WORKING closely in partnership with volunteers, parish councils, farmers, land owners, and outdoor enthusiasts, has enabled the County Council to keep the Cambridgeshire countryside open.
The results of a condition survey show that the Council’s Rights of Way and Access Team has been able to ensure nearly 80% of the path network in the county is easy to use, clearly signposted, free from obstructions and has well maintained bridges and gates.
The survey outcome is one of the best results in the country and work is ongoing within the available resources to further improve the network and to steadily increase the number of paths which are kept clean, clear and easy to use in Cambridgeshire.
The Council is also one of the lowest spending authorities in the region with regard to Rights of Way, and puts its success in no small part down to work with other organisations and individuals across Cambridgeshire.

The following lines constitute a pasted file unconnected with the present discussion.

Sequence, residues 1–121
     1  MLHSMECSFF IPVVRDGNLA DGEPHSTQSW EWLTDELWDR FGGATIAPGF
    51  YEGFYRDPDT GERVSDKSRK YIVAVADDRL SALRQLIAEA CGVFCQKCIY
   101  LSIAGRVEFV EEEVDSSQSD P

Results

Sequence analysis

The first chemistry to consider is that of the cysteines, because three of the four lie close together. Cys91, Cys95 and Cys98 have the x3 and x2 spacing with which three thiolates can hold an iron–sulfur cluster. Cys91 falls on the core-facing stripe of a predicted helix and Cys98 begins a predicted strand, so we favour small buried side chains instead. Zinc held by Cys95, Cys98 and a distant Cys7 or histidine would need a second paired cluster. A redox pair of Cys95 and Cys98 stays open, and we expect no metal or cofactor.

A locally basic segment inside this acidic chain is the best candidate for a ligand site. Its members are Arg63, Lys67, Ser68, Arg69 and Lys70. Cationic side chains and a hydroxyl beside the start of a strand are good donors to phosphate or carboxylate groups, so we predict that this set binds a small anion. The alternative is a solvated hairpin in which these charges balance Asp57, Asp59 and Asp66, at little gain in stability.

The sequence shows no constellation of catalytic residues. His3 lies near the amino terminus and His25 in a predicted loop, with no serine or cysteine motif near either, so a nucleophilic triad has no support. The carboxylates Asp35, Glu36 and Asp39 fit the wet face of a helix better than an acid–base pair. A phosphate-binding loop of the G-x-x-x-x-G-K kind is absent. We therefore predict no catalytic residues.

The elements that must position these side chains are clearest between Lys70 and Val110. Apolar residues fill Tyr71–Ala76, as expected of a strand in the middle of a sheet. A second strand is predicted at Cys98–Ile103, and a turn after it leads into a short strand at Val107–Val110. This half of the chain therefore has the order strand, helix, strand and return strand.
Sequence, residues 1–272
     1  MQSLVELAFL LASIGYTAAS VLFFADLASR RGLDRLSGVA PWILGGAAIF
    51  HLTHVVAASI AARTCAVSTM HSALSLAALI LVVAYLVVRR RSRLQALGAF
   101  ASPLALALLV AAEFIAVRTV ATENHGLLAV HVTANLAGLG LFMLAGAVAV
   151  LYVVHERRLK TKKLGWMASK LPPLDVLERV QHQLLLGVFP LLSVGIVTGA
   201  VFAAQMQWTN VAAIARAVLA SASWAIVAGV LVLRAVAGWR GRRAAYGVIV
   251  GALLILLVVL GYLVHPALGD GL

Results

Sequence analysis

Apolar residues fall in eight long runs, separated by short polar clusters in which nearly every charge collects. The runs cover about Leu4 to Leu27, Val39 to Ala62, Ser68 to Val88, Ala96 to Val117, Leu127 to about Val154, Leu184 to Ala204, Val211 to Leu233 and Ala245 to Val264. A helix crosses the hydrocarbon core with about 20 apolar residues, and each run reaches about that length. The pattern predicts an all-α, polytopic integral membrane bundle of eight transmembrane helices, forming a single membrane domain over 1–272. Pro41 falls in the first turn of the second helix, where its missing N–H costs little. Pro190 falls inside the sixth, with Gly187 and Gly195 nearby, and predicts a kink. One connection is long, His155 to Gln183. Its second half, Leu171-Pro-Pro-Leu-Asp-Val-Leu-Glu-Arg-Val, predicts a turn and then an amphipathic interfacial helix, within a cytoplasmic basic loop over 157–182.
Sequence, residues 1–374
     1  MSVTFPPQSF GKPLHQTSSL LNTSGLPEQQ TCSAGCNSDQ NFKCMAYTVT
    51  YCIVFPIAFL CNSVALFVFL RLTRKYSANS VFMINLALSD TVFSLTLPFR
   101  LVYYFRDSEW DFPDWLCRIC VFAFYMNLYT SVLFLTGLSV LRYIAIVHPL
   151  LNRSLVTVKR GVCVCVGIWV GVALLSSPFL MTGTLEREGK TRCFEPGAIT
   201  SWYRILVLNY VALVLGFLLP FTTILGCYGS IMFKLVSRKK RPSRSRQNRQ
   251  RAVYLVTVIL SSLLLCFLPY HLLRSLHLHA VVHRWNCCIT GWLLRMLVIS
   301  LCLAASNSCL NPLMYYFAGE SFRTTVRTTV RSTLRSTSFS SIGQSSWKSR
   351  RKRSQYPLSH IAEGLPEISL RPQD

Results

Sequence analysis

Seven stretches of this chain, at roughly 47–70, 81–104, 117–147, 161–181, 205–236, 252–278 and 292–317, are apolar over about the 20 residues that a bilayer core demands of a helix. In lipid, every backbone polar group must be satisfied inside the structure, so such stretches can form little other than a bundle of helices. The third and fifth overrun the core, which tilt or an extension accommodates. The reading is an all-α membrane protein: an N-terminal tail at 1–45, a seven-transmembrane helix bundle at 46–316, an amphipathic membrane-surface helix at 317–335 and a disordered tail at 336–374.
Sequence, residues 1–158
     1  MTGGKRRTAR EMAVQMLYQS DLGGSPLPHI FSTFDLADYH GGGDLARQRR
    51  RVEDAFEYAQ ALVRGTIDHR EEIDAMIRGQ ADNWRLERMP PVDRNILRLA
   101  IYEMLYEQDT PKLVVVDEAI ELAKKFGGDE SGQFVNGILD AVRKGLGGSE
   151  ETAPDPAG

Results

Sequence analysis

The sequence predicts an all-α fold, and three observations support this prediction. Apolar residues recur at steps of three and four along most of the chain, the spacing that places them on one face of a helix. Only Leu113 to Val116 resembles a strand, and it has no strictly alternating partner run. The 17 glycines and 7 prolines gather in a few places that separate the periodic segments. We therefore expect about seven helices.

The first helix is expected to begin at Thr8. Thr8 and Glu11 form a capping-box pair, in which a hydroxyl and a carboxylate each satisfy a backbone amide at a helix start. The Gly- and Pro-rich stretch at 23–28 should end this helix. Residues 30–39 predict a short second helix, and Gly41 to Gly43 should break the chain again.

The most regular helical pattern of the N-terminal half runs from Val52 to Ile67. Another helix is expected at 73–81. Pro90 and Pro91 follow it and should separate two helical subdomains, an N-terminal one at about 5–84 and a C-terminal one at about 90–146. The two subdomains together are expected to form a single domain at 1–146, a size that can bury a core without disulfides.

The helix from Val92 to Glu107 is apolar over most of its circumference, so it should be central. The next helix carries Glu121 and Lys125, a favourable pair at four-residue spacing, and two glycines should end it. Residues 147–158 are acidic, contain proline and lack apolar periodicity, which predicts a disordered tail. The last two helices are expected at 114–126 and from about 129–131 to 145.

County Council Cabinet Member for Community Infrastructure, Councillor Steve Criswell, said: “The County Council is fully committed to keeping the Cambridgeshire countryside available to the public while at the same time doing everything we can within the resources available to us to enhance and develop our wonderful open spaces and landscape.
“A major part of our success is the close working with local people through the Parish Paths Partnership Scheme – two thirds of the county’s parishes are involved in the scheme – local user groups such as the Ramblers Association and British Horse Society, and more than 50 farmers who help us maintain the paths and bridleways. We also have an army of volunteers who add so much value by their work and local knowledge.”
Anyone who spots a problem on a footpath or right of way can report it Cambridgeshire County Council online at: http://www.cambridgeshire.gov.uk/transport/roads/reportingafault.htm